When I travel, I like to “discover” ritual objects from the far corners of the world that can lead a double life as Jewish ritual objects.
These things unite my love of travel and far-flung adventure with my love of Jewish ritual and Jewish celebrations.
When we moved to our latest home many years ago, my husband said the movers (Israelis, it turns out), couldn’t figure out if we were Jewish or Buddhist – based on the number of Judaica items we were unpacking together with our Buddha heads collection from China, Sri Lanka, Burma, etc.
But my favorite item – or really items in a big heavy plural – are our kippahs. They were not only collected from around the world, they were hand made with local fabrics by streetside tailors around the world.
Starting about two years before my eldest daughter’s bat mitzvah, I started buying fabric at colorful local markets on my trips, then tracking down local streetside tailors who mostly focus on fixing tears in shirts and pants and zippers. Universally, the tailors had never seen a kippah before, so I pack in a few from home as examples. Each tailor used my “samples” as a curious starting point, and then adapted the example per their own abilities and interpretation. A few things to note about these kippahs from across the globe:
- They are not all uniform.
- They may not all fit perfectly.
- But, they were custom made on the streets of India, Vietnam and Africa.
Below are photos and backstories of each of the kippot I’ve had made so far.
MADE IN INDIA: The “Sari Kippot”
These kippot were made from sari fabrics that Shelley bought from the fabric stalls of Mangaldas Market, one of the big bustling fabric markets of Mumbai, India. The market was crowded with sellers (mostly men) selling fabric to women of all ages/generations, who pick the fabrics they like best and take them to local tailors to fashion saris, cholis, lehengas, and other local women’s clothing.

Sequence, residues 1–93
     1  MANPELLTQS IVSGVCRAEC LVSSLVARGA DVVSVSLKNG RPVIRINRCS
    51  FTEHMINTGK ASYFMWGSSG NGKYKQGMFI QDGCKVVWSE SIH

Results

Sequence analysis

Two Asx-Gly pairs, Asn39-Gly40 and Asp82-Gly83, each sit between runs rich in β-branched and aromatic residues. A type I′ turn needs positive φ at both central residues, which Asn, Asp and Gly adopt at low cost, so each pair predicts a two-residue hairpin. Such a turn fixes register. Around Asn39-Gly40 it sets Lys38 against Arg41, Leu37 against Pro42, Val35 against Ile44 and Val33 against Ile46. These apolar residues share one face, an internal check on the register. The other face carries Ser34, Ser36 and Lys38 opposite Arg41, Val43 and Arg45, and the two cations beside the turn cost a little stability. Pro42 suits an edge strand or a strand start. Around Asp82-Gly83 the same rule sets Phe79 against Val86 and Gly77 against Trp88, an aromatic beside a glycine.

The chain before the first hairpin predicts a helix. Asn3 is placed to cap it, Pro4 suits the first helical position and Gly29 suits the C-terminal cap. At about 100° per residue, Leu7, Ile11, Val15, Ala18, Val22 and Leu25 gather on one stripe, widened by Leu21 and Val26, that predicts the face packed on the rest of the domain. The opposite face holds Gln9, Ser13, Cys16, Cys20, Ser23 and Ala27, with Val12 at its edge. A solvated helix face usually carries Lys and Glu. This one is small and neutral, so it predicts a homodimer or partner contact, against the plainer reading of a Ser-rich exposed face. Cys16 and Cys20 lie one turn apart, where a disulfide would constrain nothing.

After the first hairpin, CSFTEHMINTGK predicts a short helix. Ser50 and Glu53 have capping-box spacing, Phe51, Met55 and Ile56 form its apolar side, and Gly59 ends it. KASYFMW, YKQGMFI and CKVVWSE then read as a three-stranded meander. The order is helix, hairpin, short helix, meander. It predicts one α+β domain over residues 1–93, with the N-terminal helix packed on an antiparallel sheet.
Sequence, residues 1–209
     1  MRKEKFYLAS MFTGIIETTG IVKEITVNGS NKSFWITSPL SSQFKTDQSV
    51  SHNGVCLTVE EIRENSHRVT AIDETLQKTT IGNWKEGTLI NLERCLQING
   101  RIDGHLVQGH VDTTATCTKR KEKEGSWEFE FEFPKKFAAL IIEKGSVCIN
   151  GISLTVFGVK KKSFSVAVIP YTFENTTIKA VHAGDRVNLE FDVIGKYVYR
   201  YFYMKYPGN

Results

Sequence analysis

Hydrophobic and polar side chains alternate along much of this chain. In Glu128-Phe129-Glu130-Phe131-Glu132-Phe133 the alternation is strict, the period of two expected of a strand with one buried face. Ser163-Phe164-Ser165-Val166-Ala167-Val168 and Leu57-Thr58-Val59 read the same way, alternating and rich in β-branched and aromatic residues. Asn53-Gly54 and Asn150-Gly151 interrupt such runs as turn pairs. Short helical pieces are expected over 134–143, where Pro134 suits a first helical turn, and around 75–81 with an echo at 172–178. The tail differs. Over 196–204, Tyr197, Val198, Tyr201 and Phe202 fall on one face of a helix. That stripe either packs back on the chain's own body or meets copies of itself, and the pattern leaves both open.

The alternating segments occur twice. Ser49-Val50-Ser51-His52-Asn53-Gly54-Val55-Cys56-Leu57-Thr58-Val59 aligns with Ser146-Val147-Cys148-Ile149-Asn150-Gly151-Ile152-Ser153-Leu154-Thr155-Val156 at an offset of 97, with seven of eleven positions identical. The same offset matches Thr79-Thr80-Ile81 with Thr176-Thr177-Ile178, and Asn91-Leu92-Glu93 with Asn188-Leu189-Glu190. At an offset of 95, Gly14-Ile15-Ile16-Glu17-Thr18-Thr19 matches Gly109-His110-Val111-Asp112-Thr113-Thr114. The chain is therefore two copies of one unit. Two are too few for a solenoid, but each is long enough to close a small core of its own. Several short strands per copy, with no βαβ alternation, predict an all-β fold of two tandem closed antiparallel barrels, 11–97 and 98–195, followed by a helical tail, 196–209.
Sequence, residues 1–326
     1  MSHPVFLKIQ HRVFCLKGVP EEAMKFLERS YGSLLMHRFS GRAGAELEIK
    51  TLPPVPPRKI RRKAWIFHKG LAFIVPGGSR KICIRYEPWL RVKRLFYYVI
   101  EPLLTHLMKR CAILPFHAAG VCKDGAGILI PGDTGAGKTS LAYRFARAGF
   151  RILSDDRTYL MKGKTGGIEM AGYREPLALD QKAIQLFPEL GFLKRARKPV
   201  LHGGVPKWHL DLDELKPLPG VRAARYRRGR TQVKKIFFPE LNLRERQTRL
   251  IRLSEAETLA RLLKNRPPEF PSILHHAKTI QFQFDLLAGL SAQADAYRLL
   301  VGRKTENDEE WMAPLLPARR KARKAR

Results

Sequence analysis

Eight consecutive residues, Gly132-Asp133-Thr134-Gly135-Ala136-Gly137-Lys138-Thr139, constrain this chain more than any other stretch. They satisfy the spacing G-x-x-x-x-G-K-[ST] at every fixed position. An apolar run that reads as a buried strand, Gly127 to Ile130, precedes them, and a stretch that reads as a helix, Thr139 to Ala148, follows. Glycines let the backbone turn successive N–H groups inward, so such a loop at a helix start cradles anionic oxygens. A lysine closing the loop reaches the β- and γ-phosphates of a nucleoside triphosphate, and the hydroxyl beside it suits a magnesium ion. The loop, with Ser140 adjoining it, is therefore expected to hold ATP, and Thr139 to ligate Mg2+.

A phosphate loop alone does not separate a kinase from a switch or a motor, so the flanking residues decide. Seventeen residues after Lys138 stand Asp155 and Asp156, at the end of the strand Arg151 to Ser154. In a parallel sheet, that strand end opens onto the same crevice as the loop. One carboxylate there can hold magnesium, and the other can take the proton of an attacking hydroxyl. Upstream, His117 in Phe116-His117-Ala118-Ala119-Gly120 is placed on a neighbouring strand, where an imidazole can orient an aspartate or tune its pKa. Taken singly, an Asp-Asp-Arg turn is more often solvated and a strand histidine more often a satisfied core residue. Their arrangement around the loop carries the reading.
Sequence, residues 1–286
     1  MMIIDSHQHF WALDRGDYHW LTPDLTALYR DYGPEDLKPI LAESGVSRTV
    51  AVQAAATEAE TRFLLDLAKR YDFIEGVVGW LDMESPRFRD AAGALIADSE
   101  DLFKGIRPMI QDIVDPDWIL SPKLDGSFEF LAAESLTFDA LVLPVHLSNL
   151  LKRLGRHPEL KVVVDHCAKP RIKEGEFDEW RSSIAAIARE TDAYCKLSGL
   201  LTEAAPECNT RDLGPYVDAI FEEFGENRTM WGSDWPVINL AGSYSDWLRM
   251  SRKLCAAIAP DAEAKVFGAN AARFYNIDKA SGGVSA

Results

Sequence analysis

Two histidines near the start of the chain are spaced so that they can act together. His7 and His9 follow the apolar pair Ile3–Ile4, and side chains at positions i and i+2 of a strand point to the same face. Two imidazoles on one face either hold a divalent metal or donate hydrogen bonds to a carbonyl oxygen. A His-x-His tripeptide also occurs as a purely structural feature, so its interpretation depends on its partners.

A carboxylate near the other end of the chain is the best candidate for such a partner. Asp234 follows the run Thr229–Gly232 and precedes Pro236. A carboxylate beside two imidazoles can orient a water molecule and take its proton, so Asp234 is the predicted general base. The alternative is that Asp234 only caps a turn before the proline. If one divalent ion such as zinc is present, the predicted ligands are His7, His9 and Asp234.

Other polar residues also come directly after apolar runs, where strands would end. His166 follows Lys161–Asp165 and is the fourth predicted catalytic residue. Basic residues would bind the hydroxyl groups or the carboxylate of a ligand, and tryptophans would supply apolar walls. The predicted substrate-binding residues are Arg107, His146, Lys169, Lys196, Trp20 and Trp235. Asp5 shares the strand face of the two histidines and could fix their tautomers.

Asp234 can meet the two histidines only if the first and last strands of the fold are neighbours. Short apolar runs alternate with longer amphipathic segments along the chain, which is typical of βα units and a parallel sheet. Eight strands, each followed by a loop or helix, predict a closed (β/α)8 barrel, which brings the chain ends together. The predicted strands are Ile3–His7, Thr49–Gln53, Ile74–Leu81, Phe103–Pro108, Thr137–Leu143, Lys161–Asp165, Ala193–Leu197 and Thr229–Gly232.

I can’t say with 100% surety that I am the first person to purchase fabric there to make kippahs with, but it sure felt that way! I certainly don’t think there are many other men in the world – other than attendees at Zara’s bat mitzvah – who are wearing women’s sari fabric on their head as a sign as respect to G-d.
MADE IN INDIA: The “Elephant Kippot”
These batik fabrics were actually purchased on a years-early trip I took to India. The fabrics came, admittedly, as a wrap-around skirt. I always loved the elephant fabric but never wore the skirts themselves. (Too funky to wear as a skirt perhaps, but certainly not too funky for a kippah, right?!)
So when I returned to India in 2016, I took the skirts with me and had the material remade as kippot.